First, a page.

Expected construction growth slow to take hold

CATHERINE HARRIS
Last updated 10:38 31/08/2012
Construction
Fairfax NZ
IN THE WINGS: While new building industry figures indicate meek growth, experts are still counting on a gradual pick-up in construction.

Relevant offers

Industries

NZI offers insurance excess waiver to top quarter of trucking firms Booksellers NZ wary as Australia explains limit to 'Amazon tax' NZ's richest businessmen lose millions in sharemarket turmoil Mighty River Power to pay special dividend, operating profit slips to $482m Falling petrol prices mask rising margins After Kirkcaldie & Stains move, Brierley moves on Smiths City NZ Post boosted by Kiwibank Countdown result outshines Australian owner Woolworths Leasing outlook stronger for Marsden Maritime Holdings NZ dollar still low as NZX 50, US dollar and Wall Street strengthen

Economists say fresh statistics show the building sector is still on course for improvement, despite a relatively limp month.

In July 1478 new-dwelling consents were approved, up a seasonally adjusted 2 per cent on the previous month and 26 per cent higher than a year ago.

July's increase was driven by a rise in apartment numbers to 235.

It was the highest month for apartment consents since May 2009 but due in large part to an increase in retirement units.

Excluding apartments, residential consents were down 2.5 per cent for the month.

"We continue to think that a gradual pickup in construction from near 20-year lows, reinforced by the gearing up of the Canterbury rebuild, will make a positive contribution to what otherwise is still shaping up as a modest near-term growth outlook," said Deutsche Bank's Darren Gibbs.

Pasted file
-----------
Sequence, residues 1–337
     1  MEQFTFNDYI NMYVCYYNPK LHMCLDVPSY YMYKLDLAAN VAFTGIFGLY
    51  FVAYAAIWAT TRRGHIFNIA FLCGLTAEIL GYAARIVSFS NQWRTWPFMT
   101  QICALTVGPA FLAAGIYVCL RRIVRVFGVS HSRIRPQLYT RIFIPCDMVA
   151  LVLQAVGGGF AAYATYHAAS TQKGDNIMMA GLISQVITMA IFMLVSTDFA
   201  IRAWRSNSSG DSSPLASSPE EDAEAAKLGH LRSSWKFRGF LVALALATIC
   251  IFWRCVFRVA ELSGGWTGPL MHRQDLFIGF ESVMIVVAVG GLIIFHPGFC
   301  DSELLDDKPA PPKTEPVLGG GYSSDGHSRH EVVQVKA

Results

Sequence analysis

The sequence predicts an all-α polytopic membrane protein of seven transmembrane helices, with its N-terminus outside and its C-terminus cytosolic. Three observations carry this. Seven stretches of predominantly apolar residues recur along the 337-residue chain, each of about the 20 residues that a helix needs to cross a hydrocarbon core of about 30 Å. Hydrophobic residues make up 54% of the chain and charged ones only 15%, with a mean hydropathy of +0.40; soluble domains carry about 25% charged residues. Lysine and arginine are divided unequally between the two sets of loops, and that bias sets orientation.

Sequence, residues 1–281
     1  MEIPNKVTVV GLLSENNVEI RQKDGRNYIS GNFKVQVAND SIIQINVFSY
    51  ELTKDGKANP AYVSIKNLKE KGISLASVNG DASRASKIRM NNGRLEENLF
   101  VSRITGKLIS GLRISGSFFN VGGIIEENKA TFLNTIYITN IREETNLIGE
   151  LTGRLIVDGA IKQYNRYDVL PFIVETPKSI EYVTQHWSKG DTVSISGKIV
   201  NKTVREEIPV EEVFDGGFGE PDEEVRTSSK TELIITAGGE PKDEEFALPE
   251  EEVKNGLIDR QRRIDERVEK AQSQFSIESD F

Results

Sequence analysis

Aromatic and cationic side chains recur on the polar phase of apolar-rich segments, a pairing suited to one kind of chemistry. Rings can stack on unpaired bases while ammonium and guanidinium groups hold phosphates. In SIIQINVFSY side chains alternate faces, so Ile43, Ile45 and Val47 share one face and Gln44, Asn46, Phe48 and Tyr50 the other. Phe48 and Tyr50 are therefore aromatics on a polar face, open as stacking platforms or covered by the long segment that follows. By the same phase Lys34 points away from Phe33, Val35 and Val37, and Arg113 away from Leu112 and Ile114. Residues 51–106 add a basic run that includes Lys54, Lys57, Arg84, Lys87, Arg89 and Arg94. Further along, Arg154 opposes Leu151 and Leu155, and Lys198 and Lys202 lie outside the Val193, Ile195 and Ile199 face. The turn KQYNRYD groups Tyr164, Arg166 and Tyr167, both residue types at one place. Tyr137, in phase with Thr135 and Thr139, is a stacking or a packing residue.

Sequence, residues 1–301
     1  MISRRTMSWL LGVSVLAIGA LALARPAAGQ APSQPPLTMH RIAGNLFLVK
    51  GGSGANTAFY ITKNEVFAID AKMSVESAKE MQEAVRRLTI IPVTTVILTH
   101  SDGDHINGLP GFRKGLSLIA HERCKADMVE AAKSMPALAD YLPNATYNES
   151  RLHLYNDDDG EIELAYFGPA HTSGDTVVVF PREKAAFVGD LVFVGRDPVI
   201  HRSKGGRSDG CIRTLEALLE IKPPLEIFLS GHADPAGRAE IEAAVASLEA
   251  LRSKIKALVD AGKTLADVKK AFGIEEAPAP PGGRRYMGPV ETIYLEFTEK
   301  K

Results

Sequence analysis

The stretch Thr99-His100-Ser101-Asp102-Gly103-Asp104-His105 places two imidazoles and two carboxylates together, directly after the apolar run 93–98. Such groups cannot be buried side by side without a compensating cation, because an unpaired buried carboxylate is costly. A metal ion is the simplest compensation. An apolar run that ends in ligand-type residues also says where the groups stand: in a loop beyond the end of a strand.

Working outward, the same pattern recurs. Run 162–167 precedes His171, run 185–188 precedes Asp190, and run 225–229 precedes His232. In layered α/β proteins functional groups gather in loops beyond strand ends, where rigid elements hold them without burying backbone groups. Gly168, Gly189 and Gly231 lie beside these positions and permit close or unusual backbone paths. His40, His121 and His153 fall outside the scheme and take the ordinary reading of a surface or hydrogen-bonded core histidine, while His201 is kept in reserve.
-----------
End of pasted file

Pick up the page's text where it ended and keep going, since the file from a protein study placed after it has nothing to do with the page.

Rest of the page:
ANZ economist Mark Smith said the data was in line with expectations, but off historically low levels. Consents were around 35 per cent below the historical average.

Trend-wise the figures pointed to an easing off in residential activity but overall construction work was heading upwards, he said. "We expect consent issuance to continue strengthening over the remainder of the year."

Canterbury was the standout region for dwelling consents. Over the last three months Deutsche Bank said its numbers had jumped 86 per cent on a year earlier, nearly eclipsing those in Auckland. By comparison, housing consents had risen nearly 22 per cent in Auckland on the same basis, and 19.4 per cent in Wellington.

Nationally, consents had risen nearly 13 per cent, excluding Canterbury.

Non-residential consents were down slightly, by 2.5 per cent on the previous month, and flat for the year.

The value of non-residential building was $346 million, almost identical to a year earlier, with Canterbury contributing $41m.

Smith said the Reserve Bank would be watching construction costs. Residential costs rose 3.2 per square metre in the three month to July compared with a year ago.

Ad Feedback

- The Dominion Post

Special offers

Featured Promotions

Sponsored Content